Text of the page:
New Year, New You?

| Divorce Legally Speaking | January 7, 2020

Happy New Year! Have you made your new year’s resolution?

I think I usually hear people listing getting in shape, losing weight or paying debt at the top of their resolutions. But there are other things that should be considered as well. The beginning of the new year presents a great time to review homeowner’s, automobile and life insurance policies. A change in incomes or values of property may warrant a modification of insurances. It is a great time to examine your entire estate plan – wills, trusts, powers of attorney, living wills, etc., and a meeting with your estate planner may be appropriate. If you have a financial planner and/or certified public accountant, you may want to discuss the new year and what you hope to accomplish. It is a good time to schedule a complete physical and manage your mental and physical health. Maybe it’s time to re-evaluate your time management skills or work/life balance.

Some people determine that it is time to make a change to their marriage. Before someone files for a dissolution of marriage, s/he may consider if it is possible to work on the marriage through marriage counseling. A dissolution of marriage case may be long and can be extremely emotionally and financially exhausting. A minimum of sixty (60) days must pass before a married couple can get divorced from the time the petition for dissolution of marriage is filed and served. Most family law practitioners use a rule of thumb of 64 days to make sure that the time limit is met. A case may actually not be resolved for four, six, ten months or a year if there are disputed issues.

Gather Financial Statements

Before a party files for dissolution of marriage and if there is not domestic violence, s/he may want to gather current financial information such as bank statements, credit card statements, pay stubs, tax returns and any other financial information. Knowledge of assets and liabilities is very important for both parties in a dissolution case.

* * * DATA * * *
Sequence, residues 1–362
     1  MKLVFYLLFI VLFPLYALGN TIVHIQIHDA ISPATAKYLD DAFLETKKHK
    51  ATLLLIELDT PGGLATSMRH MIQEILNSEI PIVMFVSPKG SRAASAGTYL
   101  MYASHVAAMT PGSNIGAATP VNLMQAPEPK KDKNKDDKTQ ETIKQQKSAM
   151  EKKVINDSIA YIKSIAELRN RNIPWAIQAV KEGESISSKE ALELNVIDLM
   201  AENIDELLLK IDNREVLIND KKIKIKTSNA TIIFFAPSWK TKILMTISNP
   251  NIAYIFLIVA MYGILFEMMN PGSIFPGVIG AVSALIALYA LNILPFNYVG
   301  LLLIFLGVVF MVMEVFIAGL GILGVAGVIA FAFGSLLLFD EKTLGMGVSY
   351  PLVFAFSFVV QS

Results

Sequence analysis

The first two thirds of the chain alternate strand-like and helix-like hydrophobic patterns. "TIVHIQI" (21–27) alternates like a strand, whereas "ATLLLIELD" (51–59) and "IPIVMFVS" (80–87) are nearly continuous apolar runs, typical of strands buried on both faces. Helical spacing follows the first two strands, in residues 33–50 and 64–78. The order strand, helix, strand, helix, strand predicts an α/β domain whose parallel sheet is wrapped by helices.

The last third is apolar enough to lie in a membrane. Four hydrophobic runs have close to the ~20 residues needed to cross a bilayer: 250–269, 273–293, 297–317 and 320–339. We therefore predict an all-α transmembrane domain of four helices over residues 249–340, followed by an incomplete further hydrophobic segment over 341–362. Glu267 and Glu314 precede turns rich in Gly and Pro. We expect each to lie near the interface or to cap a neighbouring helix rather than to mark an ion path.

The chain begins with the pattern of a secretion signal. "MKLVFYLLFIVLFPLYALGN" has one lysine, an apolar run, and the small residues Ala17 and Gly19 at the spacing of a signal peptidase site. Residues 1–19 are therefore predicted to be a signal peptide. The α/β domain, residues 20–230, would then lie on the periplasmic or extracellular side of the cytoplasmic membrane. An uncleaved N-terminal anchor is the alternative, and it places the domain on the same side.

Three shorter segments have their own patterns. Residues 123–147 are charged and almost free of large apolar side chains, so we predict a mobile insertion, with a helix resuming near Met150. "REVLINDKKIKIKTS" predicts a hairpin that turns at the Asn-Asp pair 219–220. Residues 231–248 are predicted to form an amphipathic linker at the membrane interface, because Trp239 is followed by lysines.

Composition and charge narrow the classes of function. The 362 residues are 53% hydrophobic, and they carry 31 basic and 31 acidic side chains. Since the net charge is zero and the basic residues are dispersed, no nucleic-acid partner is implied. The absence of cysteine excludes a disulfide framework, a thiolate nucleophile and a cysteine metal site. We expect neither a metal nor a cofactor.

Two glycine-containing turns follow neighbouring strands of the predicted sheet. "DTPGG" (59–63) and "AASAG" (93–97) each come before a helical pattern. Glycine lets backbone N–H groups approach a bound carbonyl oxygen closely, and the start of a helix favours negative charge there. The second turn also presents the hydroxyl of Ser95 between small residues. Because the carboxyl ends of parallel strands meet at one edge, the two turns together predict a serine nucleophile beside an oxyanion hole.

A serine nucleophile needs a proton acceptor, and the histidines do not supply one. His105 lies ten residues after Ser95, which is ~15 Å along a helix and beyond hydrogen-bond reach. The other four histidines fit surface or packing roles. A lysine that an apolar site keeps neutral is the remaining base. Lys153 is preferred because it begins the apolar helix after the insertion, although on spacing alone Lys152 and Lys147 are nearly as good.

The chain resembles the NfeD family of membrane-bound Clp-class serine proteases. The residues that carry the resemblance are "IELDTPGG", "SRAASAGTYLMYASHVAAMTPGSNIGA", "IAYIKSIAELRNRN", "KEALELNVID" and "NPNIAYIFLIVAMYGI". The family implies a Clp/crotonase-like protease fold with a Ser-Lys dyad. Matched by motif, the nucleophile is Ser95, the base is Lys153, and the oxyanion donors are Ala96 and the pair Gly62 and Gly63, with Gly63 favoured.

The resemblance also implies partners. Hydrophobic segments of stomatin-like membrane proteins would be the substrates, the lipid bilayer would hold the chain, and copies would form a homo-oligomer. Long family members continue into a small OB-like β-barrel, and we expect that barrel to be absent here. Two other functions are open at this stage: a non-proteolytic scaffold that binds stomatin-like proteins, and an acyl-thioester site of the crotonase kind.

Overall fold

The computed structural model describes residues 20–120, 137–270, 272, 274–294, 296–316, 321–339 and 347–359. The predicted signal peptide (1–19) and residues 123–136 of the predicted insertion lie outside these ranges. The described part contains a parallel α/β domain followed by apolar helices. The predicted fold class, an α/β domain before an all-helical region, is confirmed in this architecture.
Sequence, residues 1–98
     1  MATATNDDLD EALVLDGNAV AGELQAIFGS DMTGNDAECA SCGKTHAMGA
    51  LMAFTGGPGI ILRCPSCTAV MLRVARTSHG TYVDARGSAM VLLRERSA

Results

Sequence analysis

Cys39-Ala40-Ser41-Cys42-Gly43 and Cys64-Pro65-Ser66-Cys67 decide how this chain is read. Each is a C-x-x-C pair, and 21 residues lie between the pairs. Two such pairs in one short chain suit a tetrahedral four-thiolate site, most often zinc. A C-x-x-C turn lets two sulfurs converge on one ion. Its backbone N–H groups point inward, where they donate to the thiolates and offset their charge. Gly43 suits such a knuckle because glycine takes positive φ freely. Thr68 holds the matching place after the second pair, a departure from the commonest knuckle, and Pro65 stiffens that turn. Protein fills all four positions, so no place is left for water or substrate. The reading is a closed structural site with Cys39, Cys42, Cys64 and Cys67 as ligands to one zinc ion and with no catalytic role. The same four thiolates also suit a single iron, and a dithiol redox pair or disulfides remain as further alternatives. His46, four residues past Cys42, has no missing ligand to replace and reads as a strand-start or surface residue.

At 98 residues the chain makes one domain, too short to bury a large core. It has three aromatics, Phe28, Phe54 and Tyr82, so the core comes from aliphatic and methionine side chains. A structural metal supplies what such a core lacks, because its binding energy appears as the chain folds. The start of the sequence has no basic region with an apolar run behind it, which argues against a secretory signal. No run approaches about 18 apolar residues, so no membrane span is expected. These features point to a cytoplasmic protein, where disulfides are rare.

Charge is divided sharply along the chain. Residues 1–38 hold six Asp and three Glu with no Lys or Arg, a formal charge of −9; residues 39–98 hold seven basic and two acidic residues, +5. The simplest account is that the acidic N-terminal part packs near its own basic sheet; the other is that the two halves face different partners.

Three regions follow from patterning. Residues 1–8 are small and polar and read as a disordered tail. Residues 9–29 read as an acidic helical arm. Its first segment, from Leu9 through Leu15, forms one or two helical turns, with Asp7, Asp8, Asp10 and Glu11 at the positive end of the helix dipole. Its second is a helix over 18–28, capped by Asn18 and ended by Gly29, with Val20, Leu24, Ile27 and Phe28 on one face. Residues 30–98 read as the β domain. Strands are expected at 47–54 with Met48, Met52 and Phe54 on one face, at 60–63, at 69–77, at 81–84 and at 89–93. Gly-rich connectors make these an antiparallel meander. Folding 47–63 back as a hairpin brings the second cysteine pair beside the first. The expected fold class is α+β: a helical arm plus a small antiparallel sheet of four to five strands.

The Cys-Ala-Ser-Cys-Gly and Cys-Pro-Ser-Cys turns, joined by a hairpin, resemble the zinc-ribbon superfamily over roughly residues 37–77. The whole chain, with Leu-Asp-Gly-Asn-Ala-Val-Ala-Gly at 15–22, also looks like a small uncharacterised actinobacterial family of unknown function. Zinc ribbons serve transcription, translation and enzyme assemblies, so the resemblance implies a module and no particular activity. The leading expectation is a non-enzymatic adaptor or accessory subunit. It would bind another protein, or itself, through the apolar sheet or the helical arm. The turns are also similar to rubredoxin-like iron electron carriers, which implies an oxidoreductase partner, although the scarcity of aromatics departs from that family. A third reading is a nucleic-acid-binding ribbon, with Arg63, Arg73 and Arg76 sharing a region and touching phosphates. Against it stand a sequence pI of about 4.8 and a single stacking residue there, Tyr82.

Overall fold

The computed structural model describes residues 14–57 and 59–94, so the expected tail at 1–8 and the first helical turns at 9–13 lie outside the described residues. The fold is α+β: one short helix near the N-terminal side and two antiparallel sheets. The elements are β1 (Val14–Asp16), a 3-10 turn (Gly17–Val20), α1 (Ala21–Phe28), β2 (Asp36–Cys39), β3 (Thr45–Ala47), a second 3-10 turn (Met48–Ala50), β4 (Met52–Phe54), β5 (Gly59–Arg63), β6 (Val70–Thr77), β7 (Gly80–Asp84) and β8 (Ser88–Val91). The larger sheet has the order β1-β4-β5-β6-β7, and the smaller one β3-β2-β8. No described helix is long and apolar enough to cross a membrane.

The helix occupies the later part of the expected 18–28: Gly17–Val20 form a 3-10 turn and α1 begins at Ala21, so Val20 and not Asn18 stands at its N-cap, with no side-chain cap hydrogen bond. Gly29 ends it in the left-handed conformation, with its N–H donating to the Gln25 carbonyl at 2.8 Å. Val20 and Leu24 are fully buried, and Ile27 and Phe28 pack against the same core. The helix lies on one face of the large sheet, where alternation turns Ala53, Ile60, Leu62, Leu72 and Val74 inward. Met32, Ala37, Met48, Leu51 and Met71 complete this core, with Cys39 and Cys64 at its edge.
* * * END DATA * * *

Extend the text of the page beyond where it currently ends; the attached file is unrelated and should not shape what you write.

Whatever your goal for the new year, remember there are people who can help you.

I have said this before in these articles, but reach out and seek assistance from professionals. Don’t try to navigate uncharted waters alone. If you need legal or other professional assistance, please call our Office. If we can’t help you, most of the time we will refer you to people who can. Happy New Year! I hope this year is your best ever!

Speak with a Qualified Divorce Attorney in Arizona

The Divorce Layers at Duenas Eden Law, PLC understand you needs in this trying time. We are trusted attorneys in Divorce, Child Custody Cases, Child Support, Spousal Support, Same-Sex Legal Issues and other Family Law matters. Serving the Phoenix metro area including Ahawatukee, Laveen, Tempe, Chandler, Mesa and Gilbert. Trust the Family Law Attorneys of Duenas Eden Law, PLC. Call today: (480) 285-1735.

Family Law Attorney in Phoenix / Ahwatukee Dorian Eden
By Dorian L. Eden
Originally published in the January 2014 edition of Ocotillo Living

I’M MOVING OUT…. What Can I take?

| Divorce Legally Speaking | January 1, 2020

It’s a new year and a time for resolutions

While that may mean losing the inevitable holiday weight gained over the last two months, it may be more serious and involve a decision that a relationship just is not working. If you have decided to end a marriage and separate, you will quickly realize that it’s not as easy as saying, “I’m leaving.” There are couches and televisions to divide. There are household bills that still need to be paid. There may be bank accounts to separate. And who has to pay those credit card bills from the holidays?

Arizona is a Community Property State

Because Arizona is a community property state, assuming the parties are legally married, then generally, each person is entitled to one-half of the accumulated assets during the marriage. There are some exceptions to this rule, but in general, this is the presumption. Typically, if the parties are able to communicate somewhat, they can discuss who will take the couch, the table, etc. But, if that’s not possible or safe, leaving and taking one-half of the furniture can be done. It’s a good idea to take before and after pictures of each item and room, and to create a list of items taken and left. Te same is true for money in bank accounts (although bank statement will suffice in lieu of pictures). If an agreement can’t be reached, then the court is there to decide.